This is the first of a few blog posts about women in technology. Written by a female coder and co founder of Glitterbug app development, it is about what software development has to offer and about my personal experience as a woman in coding as well as the things that initially deterred me from pursuing my dream of being a software engineer.
My name is Laura Cavanagh. I have been working in technology, specifically software development and software architecture, since 2003 (which, as of now is 14 years). I spent that time in large and small companies, working in a range of roles from coding to architectural design, to consultancy and presales and back to coding again.
I taught myself to code in C from the age of 20 and became a computer programmer at 22. I am a self taught java, android, swift and web developer. I just wanted to write a few blog entries on what it is like to be a female coder as it is a question I get asked a lot and I feel a need to express it and explain what it has been like for me.
Degree in Psychology
13 years in software development and software architecture
Worked in security applications, web development, XML parsing, marketing applications.
Co-founded Glitterbug with Colin Vaughan in 2016.
We make apps, we are slowly but surely finding our path through the world of app development which has taken us from quiz apps to interactive fiction and chat stories and now to our eCommerce adventure in food ordering apps.
About being a female software developer
But this blog entry is not about Glitterbug. It is about what it is like to be a woman coder.
Just as the philosopher Thomas Nagel asked “What is it like to be a bat?“, I have been asked many times what is it really like to work as a female coder in an industry which is so male dominated, particularly in the technical part of that industry.
Well, I can’t speak for all women. We are all individuals and all so very different. But I can tell you what things have been like for me and you can draw your own conclusions.
The Things I love about software engineering
The thing I love most about software development is the highs and lows that I get from solving problems. I find certain aspects of the work extremely interesting. The parts I most enjoy are finding a problem, working my way through it and solving it. I suppose, with highs and lows, excitement and frustration, there comes focus and interest.
I find it hard to focus on anything boring and almost impossible to pull my attention away from anything I find interesting (I have all the symptoms of ADHD!!!). That, for me, meant that I had to do something appealed to me, something that sparked my intrigue. I am the kind of person who could be sitting there doing a puzzle for a hour while all hell broke loose around me. I get so locked into the puzzle I am solving that I don’t hear people or notice anything.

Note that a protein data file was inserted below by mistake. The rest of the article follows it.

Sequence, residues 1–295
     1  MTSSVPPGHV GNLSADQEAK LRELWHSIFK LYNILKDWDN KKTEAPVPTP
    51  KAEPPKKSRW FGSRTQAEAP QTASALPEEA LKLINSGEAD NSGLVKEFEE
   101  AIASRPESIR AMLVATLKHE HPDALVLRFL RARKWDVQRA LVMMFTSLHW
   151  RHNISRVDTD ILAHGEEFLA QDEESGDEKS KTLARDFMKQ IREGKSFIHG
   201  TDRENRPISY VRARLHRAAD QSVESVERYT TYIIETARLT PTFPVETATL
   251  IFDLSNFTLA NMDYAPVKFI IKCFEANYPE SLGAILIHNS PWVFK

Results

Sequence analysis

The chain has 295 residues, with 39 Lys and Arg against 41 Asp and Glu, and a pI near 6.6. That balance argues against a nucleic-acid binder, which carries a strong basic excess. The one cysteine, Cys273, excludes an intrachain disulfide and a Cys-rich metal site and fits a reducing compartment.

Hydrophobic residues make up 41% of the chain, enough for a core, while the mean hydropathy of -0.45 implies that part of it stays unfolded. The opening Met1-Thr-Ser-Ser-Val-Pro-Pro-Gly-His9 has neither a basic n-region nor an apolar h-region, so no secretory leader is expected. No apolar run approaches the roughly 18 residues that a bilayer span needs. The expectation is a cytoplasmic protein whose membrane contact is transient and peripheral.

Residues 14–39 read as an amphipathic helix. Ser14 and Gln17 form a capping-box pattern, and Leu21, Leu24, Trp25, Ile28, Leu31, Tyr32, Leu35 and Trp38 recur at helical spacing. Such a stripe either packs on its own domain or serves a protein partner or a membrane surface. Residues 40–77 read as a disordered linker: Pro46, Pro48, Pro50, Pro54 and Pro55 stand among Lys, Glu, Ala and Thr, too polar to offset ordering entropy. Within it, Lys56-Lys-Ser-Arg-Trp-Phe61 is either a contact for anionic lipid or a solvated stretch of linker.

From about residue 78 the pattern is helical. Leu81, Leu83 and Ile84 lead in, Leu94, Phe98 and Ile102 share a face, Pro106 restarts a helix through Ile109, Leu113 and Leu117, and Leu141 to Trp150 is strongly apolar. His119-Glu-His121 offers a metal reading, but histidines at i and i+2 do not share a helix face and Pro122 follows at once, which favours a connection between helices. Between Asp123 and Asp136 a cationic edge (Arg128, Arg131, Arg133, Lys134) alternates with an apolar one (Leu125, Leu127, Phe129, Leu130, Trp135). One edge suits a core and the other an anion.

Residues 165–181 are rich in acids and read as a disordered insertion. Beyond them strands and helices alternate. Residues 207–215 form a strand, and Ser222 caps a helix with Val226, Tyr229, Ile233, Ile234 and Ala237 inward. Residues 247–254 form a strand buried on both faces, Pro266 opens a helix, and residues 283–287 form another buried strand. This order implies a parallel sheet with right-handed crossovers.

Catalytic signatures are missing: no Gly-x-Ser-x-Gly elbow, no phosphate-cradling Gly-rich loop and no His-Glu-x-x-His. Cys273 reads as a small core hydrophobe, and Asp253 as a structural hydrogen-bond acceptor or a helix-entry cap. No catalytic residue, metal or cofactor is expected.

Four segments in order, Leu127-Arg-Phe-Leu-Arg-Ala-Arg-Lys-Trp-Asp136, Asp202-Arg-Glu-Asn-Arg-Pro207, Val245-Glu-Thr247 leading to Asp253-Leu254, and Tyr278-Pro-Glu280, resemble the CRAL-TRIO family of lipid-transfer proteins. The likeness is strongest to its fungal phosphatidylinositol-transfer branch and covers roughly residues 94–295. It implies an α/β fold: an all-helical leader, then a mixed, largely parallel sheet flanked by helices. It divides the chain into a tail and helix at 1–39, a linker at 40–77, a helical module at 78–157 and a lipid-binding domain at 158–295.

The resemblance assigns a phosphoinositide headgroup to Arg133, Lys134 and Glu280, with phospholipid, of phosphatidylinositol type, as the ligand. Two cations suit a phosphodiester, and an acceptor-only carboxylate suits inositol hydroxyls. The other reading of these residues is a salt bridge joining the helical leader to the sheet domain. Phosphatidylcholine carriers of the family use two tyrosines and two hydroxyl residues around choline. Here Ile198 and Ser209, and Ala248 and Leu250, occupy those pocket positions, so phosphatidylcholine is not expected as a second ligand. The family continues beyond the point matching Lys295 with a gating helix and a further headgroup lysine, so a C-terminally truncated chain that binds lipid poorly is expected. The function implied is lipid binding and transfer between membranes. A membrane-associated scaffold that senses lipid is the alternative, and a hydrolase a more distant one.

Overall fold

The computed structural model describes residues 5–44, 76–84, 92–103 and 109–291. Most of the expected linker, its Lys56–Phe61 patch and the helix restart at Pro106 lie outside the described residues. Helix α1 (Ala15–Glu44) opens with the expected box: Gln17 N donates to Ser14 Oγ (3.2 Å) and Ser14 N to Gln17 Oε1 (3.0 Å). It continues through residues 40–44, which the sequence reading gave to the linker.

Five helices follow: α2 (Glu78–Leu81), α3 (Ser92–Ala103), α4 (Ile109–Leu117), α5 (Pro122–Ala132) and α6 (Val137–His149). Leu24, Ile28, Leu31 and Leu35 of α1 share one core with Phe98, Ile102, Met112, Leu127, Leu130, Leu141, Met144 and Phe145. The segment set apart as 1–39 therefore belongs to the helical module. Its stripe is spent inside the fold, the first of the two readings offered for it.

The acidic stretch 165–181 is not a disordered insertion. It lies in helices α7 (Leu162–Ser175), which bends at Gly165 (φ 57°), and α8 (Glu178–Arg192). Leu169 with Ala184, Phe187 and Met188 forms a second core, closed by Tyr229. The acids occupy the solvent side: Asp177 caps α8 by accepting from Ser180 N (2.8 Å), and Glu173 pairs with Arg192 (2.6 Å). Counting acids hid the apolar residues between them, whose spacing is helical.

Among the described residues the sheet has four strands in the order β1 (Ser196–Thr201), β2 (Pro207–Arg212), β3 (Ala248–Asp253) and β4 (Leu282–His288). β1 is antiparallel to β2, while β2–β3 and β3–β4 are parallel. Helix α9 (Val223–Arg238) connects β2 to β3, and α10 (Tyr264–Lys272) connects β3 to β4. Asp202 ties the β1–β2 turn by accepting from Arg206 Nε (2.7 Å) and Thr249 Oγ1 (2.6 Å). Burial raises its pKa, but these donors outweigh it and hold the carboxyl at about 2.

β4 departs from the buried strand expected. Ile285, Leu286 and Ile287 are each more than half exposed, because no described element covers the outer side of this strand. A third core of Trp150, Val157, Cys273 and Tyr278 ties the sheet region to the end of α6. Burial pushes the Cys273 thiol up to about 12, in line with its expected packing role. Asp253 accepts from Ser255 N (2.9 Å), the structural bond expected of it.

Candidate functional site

So, for someone like me, puzzles and problem solving were really attractive. What I would take away from that (if i were you) is that if you like solving puzzles, whether they be word puzzles, crosswords, jigsaws, whatever form they take, whether you are a man or a woman, then maybe you will get a kick out of software development.
Now, that is probably glossing over the parts that are boring. All jobs have boring parts – endless meetings full of ego boosting, listening to another non-technical project manager try to minimize the difficulty of what his or her team is doing and bully them into working longer hours, writing documentation and reviewing it and configuration things, yep, there are parts which are not to my taste. But, my point still stands (unshaken by these negatives!) that software development involves a lot of fun and fun is simply something that isn’t present in every industry!.
Another reason why I have enjoyed software development (and this is hit and miss) is that you can, if you search for it, find workplaces that are full of awesome people. IT is the home of the quirky, if you look for it.
Now, in saying that, not every company has its group of funny, offbeat, quirky and interesting people – the sort who are intelligent but nice about it – so, if you haven’t found it in your current workplace, keep looking. Keep swimming!!
So, basically, in this blog and subsequent randomly placed blog entries, I will talk about the reasons why I do love software.
I just want to quickly mention the really practical benefits, which I will gloss over briefly – they pay you loads of money ((certainly on par with solicitors and accountants, but generally with shorter hours than either of those groups)), there are tons and tons of jobs out there once you get even a smidgen of experience (I’m living in Ireland and I’ve also worked in Melbourne, Australia and I found this true for both places)) and you can take this skill around the world with you.
Women and writing code
Now… as a woman coder I am often met with the misconception that there is something different about me because I write code and the implication there is that most woman cannot write code.